The discussion over the Chess is not an RPG article continues. John’s next installment comes with two consumption options; video and podcast. Both feature John talking with Zak S. Again, I have thoughts.
I was standing in the shower this morning and began piecing together a new definition of Role-Playing Game that I felt was better suited for my discussions. On my way into work I listened to John and Zak attempt to define the alchemy that turned Dungeons and Dragons into a Role-Playing Game. All of these factors collided with a handful of other notions I have in my brain and as I listened and eventually I settled on a new definition. I even went as far as writing an entire article about it. Then I wrote this:
For sake of argument lets accept that the birth of the Role-Playing Game was with a game designed by Gary Gygax and Dave Arneson called Dungeons and Dragons. From the beginning we can see two players who derived their enjoyment from the game in two different ways. one preferring the tactical strategy born of Little Wars and another preferring the storytelling born of the Braunstein games. This leads us to the idea that it was the blending of these elements, focused around the idea of a single point of view character, came together to form the modern Role-Playing Game.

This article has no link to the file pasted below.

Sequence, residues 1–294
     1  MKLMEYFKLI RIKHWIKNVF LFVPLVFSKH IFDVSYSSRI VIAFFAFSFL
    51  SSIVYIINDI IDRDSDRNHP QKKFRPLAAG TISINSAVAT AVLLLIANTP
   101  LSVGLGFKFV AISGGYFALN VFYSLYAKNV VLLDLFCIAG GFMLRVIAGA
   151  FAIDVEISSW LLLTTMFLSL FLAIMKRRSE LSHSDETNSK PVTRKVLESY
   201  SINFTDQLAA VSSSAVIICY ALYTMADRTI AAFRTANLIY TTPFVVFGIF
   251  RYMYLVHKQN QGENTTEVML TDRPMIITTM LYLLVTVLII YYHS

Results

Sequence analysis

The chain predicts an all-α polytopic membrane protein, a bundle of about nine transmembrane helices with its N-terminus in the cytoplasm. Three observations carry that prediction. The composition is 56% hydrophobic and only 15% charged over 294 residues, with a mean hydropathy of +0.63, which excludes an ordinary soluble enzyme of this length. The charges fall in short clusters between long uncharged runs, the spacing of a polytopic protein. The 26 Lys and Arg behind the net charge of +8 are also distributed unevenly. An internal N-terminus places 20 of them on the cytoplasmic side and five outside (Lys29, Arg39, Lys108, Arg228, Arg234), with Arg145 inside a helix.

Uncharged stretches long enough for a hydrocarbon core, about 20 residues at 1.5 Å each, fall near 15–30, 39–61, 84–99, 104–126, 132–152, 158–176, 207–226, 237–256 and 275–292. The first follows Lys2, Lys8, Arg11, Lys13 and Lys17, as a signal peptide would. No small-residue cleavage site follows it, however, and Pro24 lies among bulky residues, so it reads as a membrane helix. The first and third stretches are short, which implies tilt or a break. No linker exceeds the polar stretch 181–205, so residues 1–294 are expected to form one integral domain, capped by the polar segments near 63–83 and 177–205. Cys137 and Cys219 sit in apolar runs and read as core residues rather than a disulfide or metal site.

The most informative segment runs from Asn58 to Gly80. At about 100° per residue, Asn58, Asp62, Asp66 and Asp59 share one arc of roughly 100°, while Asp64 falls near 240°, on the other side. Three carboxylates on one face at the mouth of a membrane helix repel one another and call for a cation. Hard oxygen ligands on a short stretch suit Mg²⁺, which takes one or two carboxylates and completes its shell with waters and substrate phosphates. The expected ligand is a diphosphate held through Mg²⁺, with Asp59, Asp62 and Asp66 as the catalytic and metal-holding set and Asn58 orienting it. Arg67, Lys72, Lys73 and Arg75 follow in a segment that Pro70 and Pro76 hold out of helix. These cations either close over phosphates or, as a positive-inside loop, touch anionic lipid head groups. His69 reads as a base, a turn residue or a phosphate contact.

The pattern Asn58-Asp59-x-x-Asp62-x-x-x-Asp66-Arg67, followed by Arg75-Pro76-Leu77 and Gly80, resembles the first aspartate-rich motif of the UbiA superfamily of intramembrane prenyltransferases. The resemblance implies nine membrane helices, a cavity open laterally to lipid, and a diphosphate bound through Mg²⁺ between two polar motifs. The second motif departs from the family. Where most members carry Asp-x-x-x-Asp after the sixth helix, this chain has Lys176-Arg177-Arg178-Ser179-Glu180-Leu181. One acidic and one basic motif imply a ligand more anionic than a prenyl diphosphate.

This blending of what came before is a phenomenon we see in music. Each new generation draws inspiration from the generation before them. This is how we get Rock and Roll from Jazz and Hard Rock from Rock and Roll. Each of these new genres mix elements of the genres that came before them. The problem I see from the RPG community is that people are still arguing over what Music is.
Imagine the mess we would have if new genres weren’t created for musicians. If everyone clung to the concept of Music as the defining term for their creative endeavor. There would be no distinction between Elvis Presley, Ozzy Osborne, Robert Johnson, and Johnny Cash. Invention of the electric guitar would become the birth of modern Music and everything that predates that wouldn’t be considered Music. People who were fans of the electric guitar would proudly declare that any band without one isn’t real Music while trumpet players would quietly enjoy their tunes off in a corner.
Over the last few days I’ve grown more and more convinced that defining the elements that make a game a Role-Playing Game are futile at best, distracting at worst, and ultimately contributes nothing to the understanding or advancement of the hobby. I believe that even if there was an agreed upon definition it would only encourage someone to create a game that broke the definition but could still be considered a Role-Playing Game, bringing us back to the definitionless dark ages.